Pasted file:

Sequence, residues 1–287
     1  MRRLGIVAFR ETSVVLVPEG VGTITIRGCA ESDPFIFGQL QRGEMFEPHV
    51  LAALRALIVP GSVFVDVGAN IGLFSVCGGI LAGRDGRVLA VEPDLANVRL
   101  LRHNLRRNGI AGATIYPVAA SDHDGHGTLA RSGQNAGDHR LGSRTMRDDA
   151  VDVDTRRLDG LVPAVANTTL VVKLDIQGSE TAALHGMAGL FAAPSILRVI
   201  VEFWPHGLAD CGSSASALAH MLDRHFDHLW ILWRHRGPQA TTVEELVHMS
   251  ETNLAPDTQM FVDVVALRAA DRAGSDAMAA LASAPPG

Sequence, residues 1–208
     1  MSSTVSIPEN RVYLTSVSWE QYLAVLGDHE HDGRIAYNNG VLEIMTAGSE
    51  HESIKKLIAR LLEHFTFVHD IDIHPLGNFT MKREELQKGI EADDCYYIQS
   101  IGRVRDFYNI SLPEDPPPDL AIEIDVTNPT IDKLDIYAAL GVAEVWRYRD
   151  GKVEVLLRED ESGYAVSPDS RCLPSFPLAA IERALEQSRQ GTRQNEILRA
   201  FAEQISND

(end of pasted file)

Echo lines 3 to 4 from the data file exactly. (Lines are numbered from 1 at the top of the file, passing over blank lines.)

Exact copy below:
    51  LAALRALIVP GSVFVDVGAN IGLFSVCGGI LAGRDGRVLA VEPDLANVRL
   101  LRHNLRRNGI AGATIYPVAA SDHDGHGTLA RSGQNAGDHR LGSRTMRDDA